Report on the Audit of Timekeeping Compliance – February 2014

2. Findings, Recommendations and Management Responses

2.1 Governance and Strategic Direction

Audit Criterion:
An effective governance framework is established and has identified individuals responsible for monitoring the effective discharge of timekeeping responsibilities. (Audit criterion 1.1)
Key Finding:
Functional authority for the overall timekeeping process and the integrity of timekeeping information had not been clearly assigned.

24. Governance is understood as the combination of management processes and controls to set strategic direction, objectives and priorities. An effective governance framework requires the identification of key supporting roles and responsibilities as well as a single process owner with the functional authority and ability to make changes.

25. Operational roles and responsibilities regarding timekeeping management were described in the NTP and in other documents available on the Department’s intranet site.

26. BPD was functionally responsible for the Department’s legal case management system and related tools to support consistent business practices and reporting. BPD was also responsible for timekeeping, including : developing and maintaining tools that support timekeepers and managers in recording and monitoring level of effort; providing information on level of effort to support reporting to central agencies and the public; providing training and self-guided learning tools to iCase users and departmental managers; and developing and documenting business practice standards. BPD also reported to senior management on timekeeping compliance, including departmental compliance levels for timekeeping information recorded in iCase.

27. According to the NTP: “timekeepers were responsible for recording their time in compliance with the NTP”; and managers were responsible for “monitoring the validity and integrity of information recorded by timekeepers in their unit” and ensuring “that timekeepers in their unit complied with the requirements of the NTP.” It is not within the BPD’s mandate to actively oversee the integrity of timekeeping data.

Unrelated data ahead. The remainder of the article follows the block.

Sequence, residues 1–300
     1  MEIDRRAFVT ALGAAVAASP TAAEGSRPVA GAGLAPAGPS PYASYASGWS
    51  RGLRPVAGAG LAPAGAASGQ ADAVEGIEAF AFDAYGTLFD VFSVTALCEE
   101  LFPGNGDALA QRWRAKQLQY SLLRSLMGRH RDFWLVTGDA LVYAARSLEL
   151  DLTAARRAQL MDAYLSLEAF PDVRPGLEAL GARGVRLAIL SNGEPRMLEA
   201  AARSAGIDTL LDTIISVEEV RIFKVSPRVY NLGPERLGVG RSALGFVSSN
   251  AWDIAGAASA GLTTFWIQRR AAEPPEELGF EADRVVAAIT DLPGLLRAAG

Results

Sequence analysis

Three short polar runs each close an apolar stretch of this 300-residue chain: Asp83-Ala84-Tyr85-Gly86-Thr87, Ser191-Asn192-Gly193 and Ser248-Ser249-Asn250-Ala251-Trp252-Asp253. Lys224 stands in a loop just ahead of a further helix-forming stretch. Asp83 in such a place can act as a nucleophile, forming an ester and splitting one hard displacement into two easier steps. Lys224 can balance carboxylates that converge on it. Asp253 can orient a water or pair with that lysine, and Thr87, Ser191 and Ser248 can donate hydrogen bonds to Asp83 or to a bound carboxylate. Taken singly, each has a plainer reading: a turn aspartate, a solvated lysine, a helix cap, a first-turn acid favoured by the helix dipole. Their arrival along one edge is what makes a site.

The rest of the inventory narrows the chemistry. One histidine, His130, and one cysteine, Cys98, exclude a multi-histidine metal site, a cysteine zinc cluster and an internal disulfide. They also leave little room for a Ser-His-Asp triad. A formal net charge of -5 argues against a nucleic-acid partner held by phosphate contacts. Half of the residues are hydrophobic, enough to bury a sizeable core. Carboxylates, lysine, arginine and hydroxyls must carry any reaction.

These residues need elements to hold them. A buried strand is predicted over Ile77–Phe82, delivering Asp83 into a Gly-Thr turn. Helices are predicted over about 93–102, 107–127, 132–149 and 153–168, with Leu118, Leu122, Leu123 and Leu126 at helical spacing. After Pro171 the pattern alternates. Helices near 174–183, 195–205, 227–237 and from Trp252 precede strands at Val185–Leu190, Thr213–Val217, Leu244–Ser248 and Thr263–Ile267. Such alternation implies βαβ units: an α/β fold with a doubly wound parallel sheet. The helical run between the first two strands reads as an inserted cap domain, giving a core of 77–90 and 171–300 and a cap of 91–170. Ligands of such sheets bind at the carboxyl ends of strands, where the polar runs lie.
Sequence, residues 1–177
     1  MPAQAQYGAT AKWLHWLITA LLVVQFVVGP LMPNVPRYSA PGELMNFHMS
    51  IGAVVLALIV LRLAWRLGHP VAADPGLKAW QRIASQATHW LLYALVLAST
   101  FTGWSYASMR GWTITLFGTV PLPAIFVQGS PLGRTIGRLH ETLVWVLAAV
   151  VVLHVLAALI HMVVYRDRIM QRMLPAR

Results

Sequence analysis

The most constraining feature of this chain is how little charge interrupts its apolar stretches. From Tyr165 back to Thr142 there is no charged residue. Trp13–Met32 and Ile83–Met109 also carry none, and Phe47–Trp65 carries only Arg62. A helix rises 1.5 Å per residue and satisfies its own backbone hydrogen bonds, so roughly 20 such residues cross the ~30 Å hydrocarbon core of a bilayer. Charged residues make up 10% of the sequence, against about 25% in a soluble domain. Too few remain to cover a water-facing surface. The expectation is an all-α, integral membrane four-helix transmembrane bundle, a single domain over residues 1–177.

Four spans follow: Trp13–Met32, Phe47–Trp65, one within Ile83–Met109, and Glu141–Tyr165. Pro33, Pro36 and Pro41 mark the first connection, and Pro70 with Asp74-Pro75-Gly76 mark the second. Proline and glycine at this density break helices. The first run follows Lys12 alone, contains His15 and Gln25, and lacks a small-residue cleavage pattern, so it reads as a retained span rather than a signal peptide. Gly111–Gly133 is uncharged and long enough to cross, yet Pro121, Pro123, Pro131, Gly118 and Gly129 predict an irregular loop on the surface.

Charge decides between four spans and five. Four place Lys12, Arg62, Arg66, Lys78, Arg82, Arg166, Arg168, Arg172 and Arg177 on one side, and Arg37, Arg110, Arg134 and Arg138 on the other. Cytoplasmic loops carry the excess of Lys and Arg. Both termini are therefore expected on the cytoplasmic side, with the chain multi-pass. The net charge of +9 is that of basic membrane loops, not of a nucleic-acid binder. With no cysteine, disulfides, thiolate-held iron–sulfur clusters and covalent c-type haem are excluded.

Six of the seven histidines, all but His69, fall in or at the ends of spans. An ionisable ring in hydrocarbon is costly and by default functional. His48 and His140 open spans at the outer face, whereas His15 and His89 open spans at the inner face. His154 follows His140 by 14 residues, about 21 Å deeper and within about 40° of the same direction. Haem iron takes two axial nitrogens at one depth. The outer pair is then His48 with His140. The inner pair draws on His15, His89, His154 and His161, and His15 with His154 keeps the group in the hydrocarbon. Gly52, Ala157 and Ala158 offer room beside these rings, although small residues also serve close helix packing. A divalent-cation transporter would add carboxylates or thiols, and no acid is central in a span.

28. The Management Sector, Strategic Planning and Performance Management was responsible for external reporting. The Management Sector, Finance and Procurement Branch had functional authority for IFMS, the departmental cost recovery processes and financial input to the external reporting process. Those reports and activities constituted some of the principle corporate uses of timekeeping information.

29. BPD, departmental managers and timekeepers were responsible for critical components of the timekeeping processes; however, there was no single stakeholder accountable for the overall process. There was also a gap regarding accountability for Department-wide integrity of iCase timekeeping information, that is data accuracy and reliability. While individual managers could ensure the accuracy of data for their units, they could not be expected to examine comparability across portfolios or regions. As a result, there was a gap in the Department-wide oversight of timekeeping data integrity.

30. Without appropriate corporate governance for timekeeping, the ability to provide strategic direction for timekeeping, such as the departmental long-term and short-term vision, priority setting and corporate planning, was limited. This included ensuring Department-wide integrity of timekeeping information that was used for a variety of key corporate reports and decision-making.

Recommendation and Management Response